By ERIN ALLDAY
San Francisco Chronicle
February 03, 2010
And not just the neck, either. All these newfangled gadgets also are hurting our backs, shoulders, arms and hands. The kids are suffering from "text thumb" and their parents are getting "BlackBerry neck."
"I have a lot of patients who come in and say my mom is 80 years old, I'm 50, and I've got more pain than her," said Dr. Srinivas Ganesh, a sports-medicine specialist with Kaiser Permanente in Redwood City, Calif. "But we have a much more sedentary lifestyle, and much more computer interfacing with laptops and PDAs and cell phones. We see a lot of poor posturing, a lot of stress on the wrists."
Strains and pains caused by modern technology are hardly new -- workplace ergonomics is a multimillion-dollar industry -- and pretty much anyone who's ever typed on a computer keyboard knows all about carpal tunnel syndrome.
But orthopedists and others who specialize in muscle and joint injuries say there's no question that the surge of handheld technology is leading to a new wave of aches and pains. Doctors say they struggle now to keep up with the latest equipment and what it might mean for their patients. Apple's new iPad, for example, has caught the attention of doctors who wonder what new complaints they'll hear.
"The engineers spend a lot of time thinking about how people use new devices. But when you release them to a large population, you run into issues that were never perceived beforehand," said Dr. Matthew Smuck, an assistant professor of orthopedic surgery at the Stanford Spine Center. "That's what happened with desktop computers, and there's a whole science behind ergonomics now."
The neck and upper back seem to be taking the brunt of the pain. Laptops are a big culprit, because as the name implies, many people sit with them in their laps. That might be convenient, but it usually means the screen is too low to be comfortable, and people have to hold their heads at an awkward angle, which strains muscles in the back and neck.
Smart phones and other handheld devices like MP3 players can be even worse for the back and neck, since people hold them even lower than laptops and the screens are so small.
For people who send upward of 100 text messages a day, the pain is usually focused on their thumbs and wrists. The thumb muscles, which spread across the back of the hand and into the wrist, aren't used to all that up-and-down motion.
The tiny keyboards that are becoming increasingly standard on cell phones might make texting easier and faster, but it's not helping with thumb injuries. The keys are so small that it just means the thumb muscles have to work harder, Ganesh said.
"And the thumbs don't get any rest because they're constantly text-messaging," he said. "Our fingers are pretty good with the flexion, but every time we lift them up we use tendons that go over the top and side, and that motion can cause a tendinitis to occur right at the wrist."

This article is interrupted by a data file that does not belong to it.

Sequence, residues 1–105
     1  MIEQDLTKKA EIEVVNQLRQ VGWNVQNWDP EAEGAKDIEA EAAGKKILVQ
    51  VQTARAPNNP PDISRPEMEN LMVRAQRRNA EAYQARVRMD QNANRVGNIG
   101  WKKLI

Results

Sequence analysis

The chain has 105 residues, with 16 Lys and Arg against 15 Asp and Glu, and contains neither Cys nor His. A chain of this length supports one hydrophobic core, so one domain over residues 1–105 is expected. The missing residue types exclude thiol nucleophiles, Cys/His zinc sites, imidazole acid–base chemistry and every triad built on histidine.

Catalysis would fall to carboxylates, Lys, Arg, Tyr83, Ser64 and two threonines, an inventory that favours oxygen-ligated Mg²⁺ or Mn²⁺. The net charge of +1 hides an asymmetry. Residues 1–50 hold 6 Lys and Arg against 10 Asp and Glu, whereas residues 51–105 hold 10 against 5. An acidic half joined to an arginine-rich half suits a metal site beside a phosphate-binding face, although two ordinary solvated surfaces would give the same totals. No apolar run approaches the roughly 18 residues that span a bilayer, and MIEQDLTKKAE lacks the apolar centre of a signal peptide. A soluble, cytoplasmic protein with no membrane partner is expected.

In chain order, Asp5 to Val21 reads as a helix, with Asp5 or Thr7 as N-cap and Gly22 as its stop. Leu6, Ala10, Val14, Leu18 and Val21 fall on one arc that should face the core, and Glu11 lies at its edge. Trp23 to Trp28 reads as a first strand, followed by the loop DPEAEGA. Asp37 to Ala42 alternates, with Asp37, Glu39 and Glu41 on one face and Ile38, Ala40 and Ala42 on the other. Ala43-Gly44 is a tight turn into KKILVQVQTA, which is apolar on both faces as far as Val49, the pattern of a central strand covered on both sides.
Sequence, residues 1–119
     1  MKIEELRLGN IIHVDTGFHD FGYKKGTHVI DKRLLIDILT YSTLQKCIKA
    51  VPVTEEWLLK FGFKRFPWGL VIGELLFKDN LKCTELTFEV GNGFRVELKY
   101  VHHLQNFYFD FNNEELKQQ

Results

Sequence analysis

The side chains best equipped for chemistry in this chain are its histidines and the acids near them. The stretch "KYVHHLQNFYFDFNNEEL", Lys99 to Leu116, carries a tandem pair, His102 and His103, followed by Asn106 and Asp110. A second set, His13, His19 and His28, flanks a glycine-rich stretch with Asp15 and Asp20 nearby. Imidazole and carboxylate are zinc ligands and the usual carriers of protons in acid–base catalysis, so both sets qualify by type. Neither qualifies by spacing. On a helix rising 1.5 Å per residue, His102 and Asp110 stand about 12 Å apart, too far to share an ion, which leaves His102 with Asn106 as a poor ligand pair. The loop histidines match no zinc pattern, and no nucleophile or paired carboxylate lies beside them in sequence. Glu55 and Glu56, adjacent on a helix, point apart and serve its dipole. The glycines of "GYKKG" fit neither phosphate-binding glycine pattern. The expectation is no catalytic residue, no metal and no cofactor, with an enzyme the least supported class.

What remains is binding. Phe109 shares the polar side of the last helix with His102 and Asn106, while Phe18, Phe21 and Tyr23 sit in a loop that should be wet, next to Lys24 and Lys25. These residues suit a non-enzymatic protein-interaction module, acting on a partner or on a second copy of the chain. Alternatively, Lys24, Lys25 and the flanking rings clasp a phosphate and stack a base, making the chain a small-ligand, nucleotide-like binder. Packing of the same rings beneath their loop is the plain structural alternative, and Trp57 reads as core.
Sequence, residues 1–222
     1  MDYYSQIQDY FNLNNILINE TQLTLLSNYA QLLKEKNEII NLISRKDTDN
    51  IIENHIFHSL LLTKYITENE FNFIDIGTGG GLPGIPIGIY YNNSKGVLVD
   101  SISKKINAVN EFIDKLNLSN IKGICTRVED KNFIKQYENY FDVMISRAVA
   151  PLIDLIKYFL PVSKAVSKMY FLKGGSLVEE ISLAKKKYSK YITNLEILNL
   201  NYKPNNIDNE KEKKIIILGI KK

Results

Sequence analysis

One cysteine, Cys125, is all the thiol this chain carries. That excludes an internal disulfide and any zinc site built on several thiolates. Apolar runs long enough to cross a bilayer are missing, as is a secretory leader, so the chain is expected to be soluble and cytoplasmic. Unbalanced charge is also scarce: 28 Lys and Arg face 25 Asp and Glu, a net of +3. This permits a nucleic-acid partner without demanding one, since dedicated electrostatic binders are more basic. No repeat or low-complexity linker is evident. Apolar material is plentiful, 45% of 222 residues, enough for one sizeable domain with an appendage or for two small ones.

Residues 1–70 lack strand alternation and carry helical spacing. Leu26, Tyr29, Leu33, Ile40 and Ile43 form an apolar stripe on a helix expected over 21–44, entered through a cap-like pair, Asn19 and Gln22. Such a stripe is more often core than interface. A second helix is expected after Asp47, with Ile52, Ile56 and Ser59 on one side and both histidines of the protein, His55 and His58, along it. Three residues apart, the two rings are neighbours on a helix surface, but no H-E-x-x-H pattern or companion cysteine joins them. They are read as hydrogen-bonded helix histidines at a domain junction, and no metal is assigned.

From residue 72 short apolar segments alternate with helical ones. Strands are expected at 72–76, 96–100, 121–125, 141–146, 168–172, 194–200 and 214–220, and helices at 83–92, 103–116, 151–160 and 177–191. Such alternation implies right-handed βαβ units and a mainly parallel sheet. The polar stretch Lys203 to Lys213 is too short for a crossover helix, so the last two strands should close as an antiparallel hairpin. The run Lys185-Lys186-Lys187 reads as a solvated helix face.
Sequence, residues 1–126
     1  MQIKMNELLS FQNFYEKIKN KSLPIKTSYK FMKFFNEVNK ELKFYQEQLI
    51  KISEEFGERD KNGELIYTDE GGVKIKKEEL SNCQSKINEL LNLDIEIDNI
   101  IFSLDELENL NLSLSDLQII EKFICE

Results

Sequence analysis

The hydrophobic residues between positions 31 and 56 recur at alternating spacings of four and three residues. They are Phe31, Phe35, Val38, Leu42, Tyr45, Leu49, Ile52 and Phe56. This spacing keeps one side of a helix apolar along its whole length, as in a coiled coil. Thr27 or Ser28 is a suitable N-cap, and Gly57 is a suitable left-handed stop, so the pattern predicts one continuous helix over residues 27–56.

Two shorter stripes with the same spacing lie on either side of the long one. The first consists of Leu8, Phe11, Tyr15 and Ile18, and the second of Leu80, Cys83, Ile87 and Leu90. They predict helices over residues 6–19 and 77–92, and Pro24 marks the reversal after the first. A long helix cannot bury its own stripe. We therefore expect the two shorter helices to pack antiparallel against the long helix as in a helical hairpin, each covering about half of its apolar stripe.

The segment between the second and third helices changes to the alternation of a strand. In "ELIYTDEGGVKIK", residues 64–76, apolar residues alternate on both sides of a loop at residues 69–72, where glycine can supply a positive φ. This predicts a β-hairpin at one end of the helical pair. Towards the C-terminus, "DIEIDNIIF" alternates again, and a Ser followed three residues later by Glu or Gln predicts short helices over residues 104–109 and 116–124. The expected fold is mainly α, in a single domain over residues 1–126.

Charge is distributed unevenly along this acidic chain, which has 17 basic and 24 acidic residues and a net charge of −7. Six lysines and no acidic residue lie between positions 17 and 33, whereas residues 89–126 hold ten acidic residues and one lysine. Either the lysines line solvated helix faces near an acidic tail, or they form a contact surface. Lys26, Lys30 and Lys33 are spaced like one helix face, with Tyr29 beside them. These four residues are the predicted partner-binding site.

The cure for thumb injuries is usually to cut back on text-messaging -- hardly a palatable treatment to anyone who is addicted to texting. Fortunately, doctors say, treating most other technology-related injuries is less challenging.
The most important preventive tool is simple awareness, say doctors and others who treat back and neck pains. People who regularly use handheld technology -- or even a desktop computer or laptop -- should take frequent breaks.
They should get up and walk around at least once an hour. To prevent eyestrain, they should frequently look away from the screen and focus on an object in the distance. Every 10 minutes or so, they should stop for a few seconds to make sure nothing hurts.
"There needs to be a lot more self-awareness. We get so wrapped up in the work we do that we sometimes don't bother to check in with our bodies," said Gary Witt, director of the San Francisco School of Massage. "These devices are supposed to be making everything simpler for us, but there are more physical ailments coming from them."
Tech Age health tips
Limit texting: Don't send too many text messages. If your thumbs or wrists hurt from texting, cut back.
Rest: Every five or 10 minutes, take a brief break to listen to your body and move around if you're uncomfortable.
Move: When sitting at a laptop or desktop computer, take a break at least once an hour and stand up and walk around.
Look away: When looking at a small screen -- watching a movie on an iPod, for example, or reading e-mails on a PDA -- look up frequently and focus your eyes on something far away to help prevent eyestrain.
Support elbows: Rest your elbows on an armrest or tuck them into your sides to support your arms and shoulders when using a handheld device. This also raises the screen closer to eye level, which alleviates neck stress.
Call a doctor: If you feel sharp pain, pain shooting down your arms or tingling in your hands and fingers, see a doctor.
Distributed to subscribers for publication by
Scripps Howard News Service, http://www.scrippsnews.com
Publish A Letter in SitNews Read Letters/Opinions